Since 2008 full-time employees of Missouri Western have gone three consecutive years across the board without a pay increase, until now. During the June Board of Governors meeting, the group approved of a 2 percent salary increase for full-time faculty and staff. If you can recall last year Missouri Western was cut by 8.2 percent in state allocations for higher education. Western is one of the lowest funded universities in the state of Missouri and was hit the hardest. This editorial is not to point a finger at who is to blame for the cut in funding, but to thank the Board of Governors, and President Vartabedian for finding a little extra funding to help the employees who work tirelessly for this institution. This editorial is also to let them know that there is still more that needs to be done. Vartabedian said that those who will benefit from the pay increase are all personnel, faculty, staff and administrators who have been employed by the university since March 31, 2012. So the rumors about students getting pay increases are a myth. Vartabedian said students fall in a different category since they are paid an hourly wage. Although many students support the idea that educators deserve a pay increase, students might also question the increase is coming directly from their own pockets. However, Vartabedian explains that it is not-at least not directly. Vartabedian says it’s a combination from student success fees that come from the Student Success Act, this year’s tuition increase of 3.22 percent and state appropriations. We feel its great that the university was able to find a way to give a little something to the employees, as some have been working here for years and have had no pay increase since the day they started. Though a 2 percent increase will help the personnel, faculty, staff and administrators who have been employed since March 31, that percent really doesn’t make a real difference in their salaries. For example if a professor makes around $50,000 a year, with the 2% increase they would only make an extra $1000. So does this really benefit an employee receiving this increase? The answer is both yes and no. Not everyone will agree; some will be thankful for the little extra cash and others will think it isn’t enough. Vartabedian agrees that the 2 percent increase is not enough and feels the frustration of those who believe it needs to be more. So to those who received the extra 2 percent increase to your salary, be thankful. We are in one of the worst economic times since the great depression and you never know when another increase will come again. Though we and Vartabedian both wish the increase could be more, at least it’s a start.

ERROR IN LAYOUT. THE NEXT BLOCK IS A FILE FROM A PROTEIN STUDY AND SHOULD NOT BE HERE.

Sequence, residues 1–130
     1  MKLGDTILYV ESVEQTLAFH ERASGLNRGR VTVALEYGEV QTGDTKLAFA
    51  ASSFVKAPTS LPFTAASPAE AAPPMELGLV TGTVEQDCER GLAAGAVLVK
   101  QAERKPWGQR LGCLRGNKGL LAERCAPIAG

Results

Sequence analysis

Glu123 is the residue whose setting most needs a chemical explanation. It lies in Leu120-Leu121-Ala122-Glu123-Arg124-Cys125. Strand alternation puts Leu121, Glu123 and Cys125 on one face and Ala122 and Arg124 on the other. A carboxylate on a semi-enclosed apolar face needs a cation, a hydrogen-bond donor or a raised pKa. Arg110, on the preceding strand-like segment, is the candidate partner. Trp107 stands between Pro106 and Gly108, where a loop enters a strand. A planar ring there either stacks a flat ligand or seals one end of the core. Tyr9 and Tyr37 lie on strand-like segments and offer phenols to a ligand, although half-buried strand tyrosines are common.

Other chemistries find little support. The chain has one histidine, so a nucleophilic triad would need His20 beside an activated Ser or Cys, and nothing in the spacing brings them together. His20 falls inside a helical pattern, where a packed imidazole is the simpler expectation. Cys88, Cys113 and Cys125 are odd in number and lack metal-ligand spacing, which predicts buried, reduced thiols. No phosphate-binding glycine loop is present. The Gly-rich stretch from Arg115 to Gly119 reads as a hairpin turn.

On Monday the student senate will most likely pass a $75 fee for students each semester. Don’t be surprised. SGA has held numerous forums that all students were invited to. Wait, you didn’t get those emails? Well, that’s because there weren’t any. The act of sending out an email may be one of the easiest things to do on a computer. SGA has the ability to send out emails to all students, as documented by a March 21 email sent out to students asking for applicants for SGA scholarships. Furthermore, the legislation hasn’t been made publically available online for students to review. Unless you went to the meetings that you weren’t notified about, chances are you don’t know why SGA is proposing this fee. There’s a certain air of arrogance in senate. The Griffon News has heard comparisons of this fee to federal taxes, where SGA is equating their power to that of the U.S. congress. Additionally, the reason SGA refuses to let students vote on this fee is because they don’t think the students will do the right thing. These are excuses. A $75 fee is the single most powerful thing SGA has done in years. Their own fee is only $50 per semester for a full time student. As a government official, you can see the appeal to wanting to push this through without the students’ input. Besides failing to inform, educate and convince students that they believe there is a need for the fee, they have also field to account for all the facts. Next year’s state appropriations are not set in stone. As a matter of fact, legislators are currently working to get the money back to the university’s in their own budget proposal. SGA’s plan doesn’t have that contingency. Senate could very well pass the fee, then the state legislature and Gov. Nixon could restore funding to the universities, and there would no longer be a need for this fee and students would be paying an extra $75 regardless. This isn’t about a need for the fee. This isn’t even about Western’s dwindling funding. This is about SGA squelching your voice and your vote. Circumventing the students on such an important issue says that SGA doesn’t care what you have to say or think, that they know what’s best for you and you don’t. There is hope though. Fortunately, the SGA constitution allows you to take control back. A petition by 10% of the student body (roughly 620 signatures) would force SGA to put the legislation on a ballot. The Griffon News will not take a stance for or against the legislation, but we are taking a stance for your right to be heard. If the petition is successful, SGA officials claim that there won't be enough time to set up a special ballot. Make the time. If SGA had planned to let the students vote on the fee from the the beginning, this wouldn't be an issue. For more information on the petition, students should contact Barry Hersh (email@example.com). Also, attending the Monday night meeting would force SGA to realize that students want an entire student body vote.